Jump to ContentJump to Main Navigation
Holy NationThe Transatlantic Quaker Ministry in an Age of Revolution$
Users without a subscription are not able to see the full content.

Sarah Crabtree

Print publication date: 2015

Print ISBN-13: 9780226255767

Published to University Press Scholarship Online: January 2016

DOI: 10.7208/chicago/9780226255934.001.0001

Show Summary Details
Page of
date: 14 December 2017

The Still, Small Voice

The Still, Small Voice

Quaker Activism

Chapter:
(p.133) Chapter Four The Still, Small Voice
Source:
Holy Nation
Author(s):

Sarah Crabtree

Publisher:
University of Chicago Press
DOI:10.7208/chicago/9780226255934.003.0004

This chapter explores the Society's embrace of philanthropy in the years following the American Revolution, arguing that this sense of mission acted to preserve the Friends' holy nation amidst a new political landscape, retaining their identity as 'chosen people' despite conceding that 'the government under which they lived' had, in fact, become 'their government.' Friends thus pursued their reform agenda within the legislative and ideological boundaries of the nation-state but recognized early on the necessity of involving outsiders in their mission. Disliked and mistrusted by those in power, Quaker activists recruited other men and women deemed acceptable by the establishment to serve as the public face of their movements. In this way, Friends became political, cultural, and economic 'brokers' in nineteenth-century reform movements, drawing on their vast transatlantic networks in order to foster key relationships across political boundaries. This interconnectedness reveals the resilience of the Quakers' Zion tradition, as itinerant ministers labored to maintain transatlantic connections following independence; however it also highlights why worldly governments remained suspicious of Friends, as their altruism was infused by a universalist worldview that questioned both geopolitical borders and the hegemony of the state.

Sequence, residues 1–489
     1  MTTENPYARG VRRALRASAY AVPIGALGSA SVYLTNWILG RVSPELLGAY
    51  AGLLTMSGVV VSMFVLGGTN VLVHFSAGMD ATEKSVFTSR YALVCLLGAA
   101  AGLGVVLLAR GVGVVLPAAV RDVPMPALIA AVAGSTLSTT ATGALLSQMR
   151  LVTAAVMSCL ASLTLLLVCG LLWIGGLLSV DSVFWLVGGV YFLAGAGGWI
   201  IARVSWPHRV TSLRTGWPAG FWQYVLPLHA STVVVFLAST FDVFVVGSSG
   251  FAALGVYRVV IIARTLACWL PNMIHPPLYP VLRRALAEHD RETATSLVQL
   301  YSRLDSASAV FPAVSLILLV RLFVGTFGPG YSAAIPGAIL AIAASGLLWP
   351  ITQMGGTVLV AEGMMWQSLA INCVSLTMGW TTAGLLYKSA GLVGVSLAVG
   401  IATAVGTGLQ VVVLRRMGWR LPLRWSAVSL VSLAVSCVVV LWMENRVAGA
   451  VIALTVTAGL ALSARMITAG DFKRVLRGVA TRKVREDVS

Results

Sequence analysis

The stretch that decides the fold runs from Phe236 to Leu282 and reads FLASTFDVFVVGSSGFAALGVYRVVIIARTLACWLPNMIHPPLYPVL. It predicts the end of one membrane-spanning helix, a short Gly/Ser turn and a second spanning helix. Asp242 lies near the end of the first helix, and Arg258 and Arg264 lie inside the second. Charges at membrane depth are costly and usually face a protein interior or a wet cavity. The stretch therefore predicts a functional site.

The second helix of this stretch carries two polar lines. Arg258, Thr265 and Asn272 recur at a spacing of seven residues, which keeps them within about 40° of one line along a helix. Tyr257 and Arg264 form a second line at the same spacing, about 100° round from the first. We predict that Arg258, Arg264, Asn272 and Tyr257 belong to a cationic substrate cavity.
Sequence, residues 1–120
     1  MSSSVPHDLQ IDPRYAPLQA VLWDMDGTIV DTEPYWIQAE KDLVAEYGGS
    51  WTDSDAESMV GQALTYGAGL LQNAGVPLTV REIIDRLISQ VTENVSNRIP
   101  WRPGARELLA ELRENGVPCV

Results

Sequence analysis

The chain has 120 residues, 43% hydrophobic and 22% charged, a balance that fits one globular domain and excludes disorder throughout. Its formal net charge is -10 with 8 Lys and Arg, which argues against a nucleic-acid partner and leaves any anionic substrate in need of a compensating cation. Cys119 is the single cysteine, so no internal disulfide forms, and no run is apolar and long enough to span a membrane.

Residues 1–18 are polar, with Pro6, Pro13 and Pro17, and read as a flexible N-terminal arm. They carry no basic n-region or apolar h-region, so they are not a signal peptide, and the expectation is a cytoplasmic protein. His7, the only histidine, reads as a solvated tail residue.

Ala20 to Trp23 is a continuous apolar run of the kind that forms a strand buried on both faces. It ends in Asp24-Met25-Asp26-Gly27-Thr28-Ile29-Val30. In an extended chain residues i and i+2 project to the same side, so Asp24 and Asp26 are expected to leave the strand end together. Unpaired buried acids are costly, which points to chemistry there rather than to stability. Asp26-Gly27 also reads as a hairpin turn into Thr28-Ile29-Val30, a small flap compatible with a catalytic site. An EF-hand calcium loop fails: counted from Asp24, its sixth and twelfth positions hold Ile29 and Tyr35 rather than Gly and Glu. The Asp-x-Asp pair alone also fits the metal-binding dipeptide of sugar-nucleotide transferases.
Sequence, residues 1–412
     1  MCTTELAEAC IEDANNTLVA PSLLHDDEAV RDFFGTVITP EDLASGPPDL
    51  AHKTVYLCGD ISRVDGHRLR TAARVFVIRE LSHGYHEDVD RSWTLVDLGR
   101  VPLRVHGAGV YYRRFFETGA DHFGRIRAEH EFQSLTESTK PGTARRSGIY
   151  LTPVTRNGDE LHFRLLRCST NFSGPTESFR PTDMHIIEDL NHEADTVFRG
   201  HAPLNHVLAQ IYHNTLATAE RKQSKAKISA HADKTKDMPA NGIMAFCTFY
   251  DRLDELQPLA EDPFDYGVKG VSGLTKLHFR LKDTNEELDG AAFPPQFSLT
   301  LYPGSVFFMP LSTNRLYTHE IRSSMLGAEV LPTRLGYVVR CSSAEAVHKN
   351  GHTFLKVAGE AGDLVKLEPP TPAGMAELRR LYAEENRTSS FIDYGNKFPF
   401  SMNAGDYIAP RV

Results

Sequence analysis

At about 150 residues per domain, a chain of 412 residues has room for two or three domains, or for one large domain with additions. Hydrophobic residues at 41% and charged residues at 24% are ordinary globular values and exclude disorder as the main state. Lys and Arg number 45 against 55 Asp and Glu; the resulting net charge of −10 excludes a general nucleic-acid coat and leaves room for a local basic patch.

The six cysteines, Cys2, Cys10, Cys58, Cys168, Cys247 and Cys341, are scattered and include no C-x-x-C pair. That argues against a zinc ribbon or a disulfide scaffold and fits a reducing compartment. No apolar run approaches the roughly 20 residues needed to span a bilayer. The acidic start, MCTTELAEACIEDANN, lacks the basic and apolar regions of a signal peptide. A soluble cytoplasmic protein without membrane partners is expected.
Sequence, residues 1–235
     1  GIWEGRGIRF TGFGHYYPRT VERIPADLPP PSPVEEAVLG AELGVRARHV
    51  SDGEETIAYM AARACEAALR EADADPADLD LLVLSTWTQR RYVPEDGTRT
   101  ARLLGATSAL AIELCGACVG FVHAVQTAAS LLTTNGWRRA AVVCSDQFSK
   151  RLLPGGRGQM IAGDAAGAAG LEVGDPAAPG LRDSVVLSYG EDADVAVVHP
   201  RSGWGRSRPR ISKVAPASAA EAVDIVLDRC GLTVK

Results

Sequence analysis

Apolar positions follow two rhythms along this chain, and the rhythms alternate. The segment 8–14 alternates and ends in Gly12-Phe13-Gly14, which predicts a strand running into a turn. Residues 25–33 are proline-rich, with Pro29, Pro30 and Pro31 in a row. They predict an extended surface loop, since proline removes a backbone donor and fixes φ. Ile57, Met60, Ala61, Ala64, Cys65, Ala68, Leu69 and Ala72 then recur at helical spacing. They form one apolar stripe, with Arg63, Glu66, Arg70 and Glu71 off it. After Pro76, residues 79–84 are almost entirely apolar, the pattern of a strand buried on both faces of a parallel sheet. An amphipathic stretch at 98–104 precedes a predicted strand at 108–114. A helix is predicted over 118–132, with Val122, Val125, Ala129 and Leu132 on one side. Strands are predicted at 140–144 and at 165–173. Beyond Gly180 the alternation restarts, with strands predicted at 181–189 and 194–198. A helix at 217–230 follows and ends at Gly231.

Keywords:   philanthropy, activism, anti slavery, abolitionism, peace movement, women's rights, broker, network theory, universalism

University Press Scholarship Online requires a subscription or purchase to access the full text of books within the service. Public users can however freely search the site and view the abstracts and keywords for each book and chapter.

Please, subscribe or login to access full text content.

If you think you should have access to this title, please contact your librarian.

To troubleshoot, please check our FAQs, and if you can't find the answer there, please contact us .